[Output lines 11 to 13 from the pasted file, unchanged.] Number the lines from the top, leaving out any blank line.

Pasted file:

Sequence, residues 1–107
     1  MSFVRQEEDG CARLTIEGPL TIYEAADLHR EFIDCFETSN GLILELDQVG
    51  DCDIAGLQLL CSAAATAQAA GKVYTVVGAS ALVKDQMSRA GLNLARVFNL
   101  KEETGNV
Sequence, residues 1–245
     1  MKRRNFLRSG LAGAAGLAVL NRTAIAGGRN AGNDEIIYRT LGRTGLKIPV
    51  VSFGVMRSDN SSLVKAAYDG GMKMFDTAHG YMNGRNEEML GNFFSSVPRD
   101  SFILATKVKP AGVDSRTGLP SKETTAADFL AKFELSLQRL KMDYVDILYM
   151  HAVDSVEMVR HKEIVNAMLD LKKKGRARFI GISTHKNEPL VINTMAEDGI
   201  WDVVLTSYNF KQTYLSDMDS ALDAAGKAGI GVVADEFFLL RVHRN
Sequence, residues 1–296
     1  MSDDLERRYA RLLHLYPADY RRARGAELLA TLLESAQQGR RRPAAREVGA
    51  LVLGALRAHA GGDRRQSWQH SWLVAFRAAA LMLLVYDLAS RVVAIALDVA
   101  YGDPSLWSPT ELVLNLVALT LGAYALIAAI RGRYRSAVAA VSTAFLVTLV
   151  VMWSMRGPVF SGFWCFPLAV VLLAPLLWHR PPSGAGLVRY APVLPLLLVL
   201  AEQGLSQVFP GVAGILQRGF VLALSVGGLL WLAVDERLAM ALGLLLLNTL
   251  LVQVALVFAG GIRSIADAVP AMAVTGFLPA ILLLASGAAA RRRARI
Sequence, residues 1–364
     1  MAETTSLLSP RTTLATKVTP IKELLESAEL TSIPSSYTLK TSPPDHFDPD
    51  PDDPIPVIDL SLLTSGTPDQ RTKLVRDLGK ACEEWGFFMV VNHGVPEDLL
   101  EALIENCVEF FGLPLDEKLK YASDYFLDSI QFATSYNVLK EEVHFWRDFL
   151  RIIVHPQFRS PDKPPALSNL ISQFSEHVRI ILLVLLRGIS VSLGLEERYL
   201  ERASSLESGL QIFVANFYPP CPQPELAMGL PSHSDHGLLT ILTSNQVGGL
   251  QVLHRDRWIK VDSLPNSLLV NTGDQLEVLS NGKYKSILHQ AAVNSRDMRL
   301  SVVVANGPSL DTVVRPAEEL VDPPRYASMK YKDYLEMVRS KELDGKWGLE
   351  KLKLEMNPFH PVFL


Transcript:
Sequence, residues 1–296
     1  MSDDLERRYA RLLHLYPADY RRARGAELLA TLLESAQQGR RRPAAREVGA
    51  LVLGALRAHA GGDRRQSWQH SWLVAFRAAA LMLLVYDLAS RVVAIALDVA